Jan 29, 2014 at 9:02 am #1312602
Alright, so I have roughly 20 or so ounces to give to clothing, although I ideally would still want to keep it at less than 15 oz to give more flexibility to my pack. I am preparing for this to be for temperatures as low as 40F. I could always wrap my quilt around me, but for the most part I would like to comfortably be able to perform camp tasks. Everyone has different preferences and threshholds and much of SUL is testing yourself, but I also think with a certain level of experience SUL does not HAVE to be uncomfortable.
Athletic Polyester Socks
Rei Hiking Pants
MH Wicked Lite LS
Ex Ficio Underwear
Merrell Mix Master 2 Trail Runners
SMD Gatewood Cape
Athletic Polyester Socks: 1.5 oz
DIY Mittens: 1 oz
Beanie: 1 oz (Haven't decided between DIY, Zpacks Fleece, or Black Rock)
Terramar Silk Top: 2.7 oz
Terramar Silk Bot.: 2.9 oz
Montbell Wind Shell: 2.9 oz
Total Weight Carried in Clothing: 12 oz
This still gives me the flexibility to add a down vest. I could easily leave out the Silks and add a Borah Gear Down Vest (3.6 oz), but I also like having sleeping clothes that are not sweaty or wet and the Down Vest costs $100 whereas the silks cost me $40 lol. Also, I have though about the option of wearing a heavier base, but with day highs of 60 and up, I really like my Wicked Lite it BREATHES so well.
I like generating conversation especially about SUL because there isn't much discussion about it. Any thoughts?Jan 29, 2014 at 9:59 am #2067512
No primary insulation layer.
The silk is not insulation – I actually have those exact same pieces so I know what they are like. If you are going to rely on down items (bag especially) you better make damn sure you can keep it dry in the worst conditions you will experience. Otherwise suck it up and carry a primary insulation layer that will more or less work using your cape for extended periods of time. A vest might be enough, but NOT a down vest, and NOT with this gear list.
A down vest is almost never a good primary insulation layer to rely on by itself, as in a pinch it will be exposed to moisture from both within and without. More like a "luxury" item for lounging and extra warmth in your bag. Montbell makes a nice synthetic vest that is only 5 oz. Nanopuff vest, or better jacket.
I don't do a ton of SUL trips anymore, but I made this exact mistake back in the day. But only once. You put a lot of thought I assume into what you have here. Now put some more though into how you will handle the tails of the bell curve in terms of temperature, humidity and precipitation conditions.
Otherwise carry a space blanket as your ultimate back up and hope for the best.Jan 29, 2014 at 10:10 am #2067518
what kind of weather will you encounter during the day? will it be warm and sunny until its 40 degrees at night? If you will be encountering challenging weather during the day then maybe a very light fleece will help you out during the day and give you just enough during the evening. Just a thought.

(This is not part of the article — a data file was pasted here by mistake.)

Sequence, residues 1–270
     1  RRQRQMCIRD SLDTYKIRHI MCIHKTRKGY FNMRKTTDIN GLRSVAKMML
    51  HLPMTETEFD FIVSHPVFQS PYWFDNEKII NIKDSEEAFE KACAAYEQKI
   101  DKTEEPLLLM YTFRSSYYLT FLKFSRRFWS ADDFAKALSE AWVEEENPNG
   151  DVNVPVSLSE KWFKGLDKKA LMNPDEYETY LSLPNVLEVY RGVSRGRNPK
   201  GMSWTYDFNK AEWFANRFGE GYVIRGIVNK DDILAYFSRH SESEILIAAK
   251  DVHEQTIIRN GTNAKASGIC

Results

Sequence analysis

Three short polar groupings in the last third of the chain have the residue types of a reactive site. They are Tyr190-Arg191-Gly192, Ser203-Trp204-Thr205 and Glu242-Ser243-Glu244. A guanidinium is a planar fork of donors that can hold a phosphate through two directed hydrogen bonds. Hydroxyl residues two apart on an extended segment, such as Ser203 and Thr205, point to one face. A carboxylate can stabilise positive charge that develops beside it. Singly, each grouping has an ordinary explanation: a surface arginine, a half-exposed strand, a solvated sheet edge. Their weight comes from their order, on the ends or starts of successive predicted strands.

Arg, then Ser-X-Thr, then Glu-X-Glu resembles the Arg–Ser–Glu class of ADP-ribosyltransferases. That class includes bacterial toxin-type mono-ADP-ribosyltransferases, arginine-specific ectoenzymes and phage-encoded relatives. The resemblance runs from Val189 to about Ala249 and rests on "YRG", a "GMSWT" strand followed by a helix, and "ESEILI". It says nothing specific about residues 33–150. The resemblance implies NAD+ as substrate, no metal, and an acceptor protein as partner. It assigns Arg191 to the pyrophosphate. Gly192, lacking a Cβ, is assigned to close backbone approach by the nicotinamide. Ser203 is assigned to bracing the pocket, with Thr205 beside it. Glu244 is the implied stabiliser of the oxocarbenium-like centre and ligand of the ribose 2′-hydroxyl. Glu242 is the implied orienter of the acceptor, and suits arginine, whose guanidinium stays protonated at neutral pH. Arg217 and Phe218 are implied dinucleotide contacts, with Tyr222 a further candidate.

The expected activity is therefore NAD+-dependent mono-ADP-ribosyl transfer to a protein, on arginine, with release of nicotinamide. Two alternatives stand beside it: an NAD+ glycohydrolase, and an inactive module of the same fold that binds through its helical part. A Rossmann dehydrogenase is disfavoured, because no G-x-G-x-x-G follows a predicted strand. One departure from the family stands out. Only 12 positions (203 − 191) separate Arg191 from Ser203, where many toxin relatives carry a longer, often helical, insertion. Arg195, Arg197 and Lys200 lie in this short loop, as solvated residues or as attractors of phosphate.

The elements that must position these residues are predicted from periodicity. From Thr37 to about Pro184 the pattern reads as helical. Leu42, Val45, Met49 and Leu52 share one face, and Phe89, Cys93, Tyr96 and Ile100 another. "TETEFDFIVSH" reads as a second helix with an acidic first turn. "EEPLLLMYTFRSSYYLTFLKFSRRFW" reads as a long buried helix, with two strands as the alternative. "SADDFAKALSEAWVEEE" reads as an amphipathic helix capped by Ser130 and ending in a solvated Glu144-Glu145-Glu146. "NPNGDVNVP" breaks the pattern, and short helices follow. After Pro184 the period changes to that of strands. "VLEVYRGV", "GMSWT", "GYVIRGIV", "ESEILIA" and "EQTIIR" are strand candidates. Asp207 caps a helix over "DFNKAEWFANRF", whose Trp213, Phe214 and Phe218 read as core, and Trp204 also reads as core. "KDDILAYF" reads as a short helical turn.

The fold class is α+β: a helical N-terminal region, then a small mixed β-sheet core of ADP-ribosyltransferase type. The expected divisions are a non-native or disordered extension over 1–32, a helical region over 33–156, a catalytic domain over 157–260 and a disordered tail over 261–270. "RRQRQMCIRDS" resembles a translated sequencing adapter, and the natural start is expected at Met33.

Or build a small campfire while doing camp chores, if possible, thats what i usually do to avoid too much camp clothing.Jan 29, 2014 at 11:18 am #2067552
Alright, 40F is the lowest temperature that this will be in. Let's say at the coldest point of the night, it will be 40 F. The highs for days like that (depending on overcast and elevation) is high 50s to low 70s in TN. After hiking, I arrive at camp and setup my things. As it gets cooler, depending on how cool it gets, I will wear all of what I have. I will add the bottoms under my pants, and I will add my silk over my base then wear my WindShirt. I cook, read, write, talk to hiking partners, then go to sleep. Maybe it is that I am warm blooded but I don't forsee a problem here. This season I anticipate being on the AT as well as the Cumberland Trail, all typically below treeline. If there is an incoming monsoon trip will be postponed.
In terms of backup insulation, I do understand the inherent risk and need for testing these garments, but that inherent danger exists when you use a 20 F quilt in near 20F temps. This clothing list is hiking, sitting at camp, and then sleeping in nothing below 40 F.Jan 29, 2014 at 11:42 am #2067567
@funnymoLocale: Sunshine State
At your specified temps, absent a bad wet&cold experience, you should be fine WITH the down vest. I wouldn't want to hang around camp w/buds at 40 without it.
I've carried down as my primary insulation on almost all my trips for years and am happy.
Also, At your low weights and given that you seem to be a warm sleeper, I'd go with fleece beanie for headwear. MYOG or store-bought will be fine. I like something I can pull down over my nose so a beanie with a cuff is my choice.Jan 29, 2014 at 11:48 am #2067569
I think the Borah vest will do the trick. You have enough insulation and warmth for walking. The extra is just for warmth in camp. If you screwed up bad enough you can just use your bag. If your down bag gets wet, you're going to have to walk. But that's usually the case anyway.
I know your area pretty well and I think a big part of the year is above 40. Just look at reports and take elevation into accountJan 29, 2014 at 12:32 pm #2067589
I have no problem with carrying and keeping dry my down insulation. Anything above 30 I am warm hiking in just my wicked lite and a windshirt, when I stop I could throw on the vest and some gloves. At camp, I suspect I would be good wearing my base, wind shirt, then vest. I like the silk bottoms for sleeping in case it rains and my pants get really wet or very dirty.
What do you think about just the vest, or maybe even a Montbell Ex Light, and a windshirt? That would put me at 10 oz carried clothing give or take.Jan 29, 2014 at 12:43 pm #2067594
Didn't I SAY it was for when it was cold, wet, and possibly windy? If you %100 sure you will never get caught out in those conditions you are fine. If you are not, but will always be within reasonable walking distance for leaving, then you are fine. If you expect the listed gear to protect you if you get caught out in rain at 50 degrees, especially when the sun goes down, when you are already cold, soaked and tired without a reliable primary insulation layer I think you are foolish – if you have not personally experienced these situations yourself, instead of speculating what it will be like sitting in front of your spreadsheet, even more so.